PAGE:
The Arrow Video boxset was released on 18th April 2011. It includes Romasanta: The Werewolf Hunt, Beyond Re-Animator, Arachnid and Faust: Love of the Damned.

Special features on the Romasanta disc include:

- Reversible sleeve featuring brand new and original artwork
- Romasanta: Lycanthropes, Lunacy and the Last Days of The Fantastic Factory
- Making Romasanta: Interviews with director Paco Plaza, stars Julian Sands, Elsa Pataky and John Sharian.
- A featurette on the S/FX design in Romasanta
- Interview with composer Mikel Salas
- Deleted Scenes with introduction and commentary by director Paco Plaza
- Original Trailer
- Double-sided fold-out poster featuring new artwork
- Collector’s booklet ‘Sex, Sun and Sinful Celluloid’ by author and critic Calum Waddell

2.35:1 (16x9) Anamorphic
English Stereo/Spanish 5.1 with optional English subtitles
Region 0 PAL


Aaron said…
This one is known simply as WEREWOLF HUNTER here in the U.S. I agree with you completely on this one. Flawed and with not a lot of substance, but decent quality otherwise. I liked how well shot it was and I pretty much fell in love with Elsa Pataky after seeing this. I didn't notice it before, but both of the leads are connected to Argento. Speaking of which, coincidentally, I just watched his PHANTOM OF THE OPERA earlier and now I get to finally go back and read that entry in your book!
James Gracey said…
This, Giallo and Beyond Re-Animator are the only films of Ms Pataky's that I've seen, and I really like her, too. She was very good in this - as was Sands. I like that Romasanta has such has connections to Argento!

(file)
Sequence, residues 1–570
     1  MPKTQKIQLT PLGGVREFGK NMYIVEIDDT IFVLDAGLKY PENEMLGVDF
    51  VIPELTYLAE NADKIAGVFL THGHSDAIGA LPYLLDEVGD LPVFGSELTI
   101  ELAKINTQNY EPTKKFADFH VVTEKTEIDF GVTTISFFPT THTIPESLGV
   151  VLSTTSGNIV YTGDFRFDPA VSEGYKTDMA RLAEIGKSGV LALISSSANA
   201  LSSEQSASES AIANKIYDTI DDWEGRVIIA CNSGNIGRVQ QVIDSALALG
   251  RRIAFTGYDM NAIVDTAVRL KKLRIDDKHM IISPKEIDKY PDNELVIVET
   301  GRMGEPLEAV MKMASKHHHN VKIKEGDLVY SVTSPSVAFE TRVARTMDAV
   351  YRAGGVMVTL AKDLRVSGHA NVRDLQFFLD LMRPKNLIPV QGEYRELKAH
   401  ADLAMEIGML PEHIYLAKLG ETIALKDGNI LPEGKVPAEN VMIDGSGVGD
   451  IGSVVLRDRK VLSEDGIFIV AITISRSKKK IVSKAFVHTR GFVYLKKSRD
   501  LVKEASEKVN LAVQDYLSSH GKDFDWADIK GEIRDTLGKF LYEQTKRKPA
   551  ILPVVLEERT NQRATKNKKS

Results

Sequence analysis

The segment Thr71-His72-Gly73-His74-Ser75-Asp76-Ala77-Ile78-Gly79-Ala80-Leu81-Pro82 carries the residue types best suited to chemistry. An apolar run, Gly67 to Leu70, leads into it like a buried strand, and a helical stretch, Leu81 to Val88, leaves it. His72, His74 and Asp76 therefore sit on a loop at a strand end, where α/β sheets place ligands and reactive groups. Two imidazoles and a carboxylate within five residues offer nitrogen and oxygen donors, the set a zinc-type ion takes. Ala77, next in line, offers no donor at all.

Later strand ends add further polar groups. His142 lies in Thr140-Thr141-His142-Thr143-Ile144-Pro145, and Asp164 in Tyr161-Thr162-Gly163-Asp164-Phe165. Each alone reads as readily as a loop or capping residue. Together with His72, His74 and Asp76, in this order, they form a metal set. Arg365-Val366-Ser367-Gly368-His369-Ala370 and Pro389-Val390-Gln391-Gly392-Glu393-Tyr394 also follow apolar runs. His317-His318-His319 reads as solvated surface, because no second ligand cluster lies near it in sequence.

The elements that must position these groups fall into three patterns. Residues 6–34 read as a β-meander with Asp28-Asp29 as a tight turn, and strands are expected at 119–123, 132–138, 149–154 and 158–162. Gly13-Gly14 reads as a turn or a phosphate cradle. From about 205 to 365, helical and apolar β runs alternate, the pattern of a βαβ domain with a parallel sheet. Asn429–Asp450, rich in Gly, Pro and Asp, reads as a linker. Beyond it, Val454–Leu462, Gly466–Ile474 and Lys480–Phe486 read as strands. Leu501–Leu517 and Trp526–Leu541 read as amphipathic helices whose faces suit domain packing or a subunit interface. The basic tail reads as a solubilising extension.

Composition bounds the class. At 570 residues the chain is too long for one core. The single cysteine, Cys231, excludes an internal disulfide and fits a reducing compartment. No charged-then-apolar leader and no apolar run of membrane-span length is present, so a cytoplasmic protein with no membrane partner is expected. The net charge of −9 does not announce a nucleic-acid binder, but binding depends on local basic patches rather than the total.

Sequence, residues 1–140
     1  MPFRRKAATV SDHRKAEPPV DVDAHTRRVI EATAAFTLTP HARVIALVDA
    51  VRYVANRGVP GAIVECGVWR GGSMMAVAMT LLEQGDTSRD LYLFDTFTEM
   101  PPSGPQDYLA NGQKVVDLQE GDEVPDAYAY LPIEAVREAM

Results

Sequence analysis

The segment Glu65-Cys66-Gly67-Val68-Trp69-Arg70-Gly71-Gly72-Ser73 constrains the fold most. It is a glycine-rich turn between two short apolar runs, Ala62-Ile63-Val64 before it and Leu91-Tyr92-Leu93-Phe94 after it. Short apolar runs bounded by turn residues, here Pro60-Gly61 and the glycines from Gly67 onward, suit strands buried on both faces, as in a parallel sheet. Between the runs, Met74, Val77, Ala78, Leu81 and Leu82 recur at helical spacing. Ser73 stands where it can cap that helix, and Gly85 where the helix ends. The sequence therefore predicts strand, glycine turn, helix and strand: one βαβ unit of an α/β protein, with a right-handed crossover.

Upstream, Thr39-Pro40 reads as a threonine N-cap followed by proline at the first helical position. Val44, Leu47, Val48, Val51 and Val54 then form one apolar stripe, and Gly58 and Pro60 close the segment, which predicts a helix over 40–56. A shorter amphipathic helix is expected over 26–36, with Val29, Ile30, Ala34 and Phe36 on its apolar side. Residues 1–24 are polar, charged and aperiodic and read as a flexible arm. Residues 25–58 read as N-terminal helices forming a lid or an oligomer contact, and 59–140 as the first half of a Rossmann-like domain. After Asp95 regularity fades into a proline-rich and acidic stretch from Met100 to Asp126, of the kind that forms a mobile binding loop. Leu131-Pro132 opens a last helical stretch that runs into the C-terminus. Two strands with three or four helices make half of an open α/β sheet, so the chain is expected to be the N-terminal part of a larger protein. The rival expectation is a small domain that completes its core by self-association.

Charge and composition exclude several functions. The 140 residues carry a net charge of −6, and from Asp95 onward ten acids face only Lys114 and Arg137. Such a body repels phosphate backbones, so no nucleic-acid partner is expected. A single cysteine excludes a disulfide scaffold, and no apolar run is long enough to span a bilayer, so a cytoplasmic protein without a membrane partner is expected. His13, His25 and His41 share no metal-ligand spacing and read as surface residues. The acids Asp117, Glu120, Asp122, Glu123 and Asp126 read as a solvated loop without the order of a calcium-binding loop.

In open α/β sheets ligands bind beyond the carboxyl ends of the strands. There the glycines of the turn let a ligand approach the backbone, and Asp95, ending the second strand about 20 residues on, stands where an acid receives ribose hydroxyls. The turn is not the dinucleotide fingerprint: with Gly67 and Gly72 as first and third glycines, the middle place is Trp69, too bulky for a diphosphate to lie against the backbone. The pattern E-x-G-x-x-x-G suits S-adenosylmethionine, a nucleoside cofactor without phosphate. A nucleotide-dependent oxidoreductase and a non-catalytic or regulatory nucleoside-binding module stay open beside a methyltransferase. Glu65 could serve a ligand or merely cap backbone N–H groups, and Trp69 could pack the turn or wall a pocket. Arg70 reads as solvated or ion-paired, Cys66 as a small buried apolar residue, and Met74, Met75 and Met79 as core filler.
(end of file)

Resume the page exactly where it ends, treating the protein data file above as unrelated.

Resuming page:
Alas, Phantom of the Opera is, in my own humble opinion of course, Argento's least successful film. It LOOKS fantastic; all those sumptuous costumes and that lavish production design. But it's a mess of a film, really. It's all over the place. All that stuff with the rat catchers just seems so inappropriate alongside the melodramatic romance and ultra-violence. Take it away! ;)
Aaron said…
Is it just me, or did she look different in GIALLO, like she got plastic surgery or something? Don't mean to get all gossipy in your comments section. :-)

And yeah, I completely agree with you about PHANTOM. Hopefully I can get a review of it up in the next couple of days when I get back into writing mode (that top 13 list I posted kicked my butt). Have a good weekend, James.
James Gracey said…
Um, I like totally don't know and stuff, dude! She changed her hair colour, I know that much! ;)

Looking forward to reading your thoughts on Phantom! Hope you have a nice weekend too, dude.
maren said…
A rather narcisstic film.
Good camerawork, historical setting, the beauty of northern Spains´nature( its galician forest reminding me of Malicks New World)the burning carriage and transformaton scene images....and not much of a story.Wasn´t slow-burning but more like waiting for something that didn´t come
Good to see Julian Sands again, liked his characters low-class background and the absence of.....castles,fog, bogs,dark forests ,american tourists and cursed nobility ´.. but this could have been so much better
Thanks for all the background informations.
I had totally forgotten about this film until I read the press release for Arrow Video's Fantastic Factory collection. I actually caught this at my one and only visit to Frightfest in 2004. I had travelled the 3 hours from Herefordshire to London for the express purpose of seeing the premier of Argento's latest film - this turned out to be THE CARD PLAYER, so you can imagine how disheartening that was. However I did get to see PROFONDO ROSSO theatrically projected. Apologies for this anecdotal digression - I thought ROMASANTA was quite good, even though it did suffer from the presence of the repugnant Julian Sands.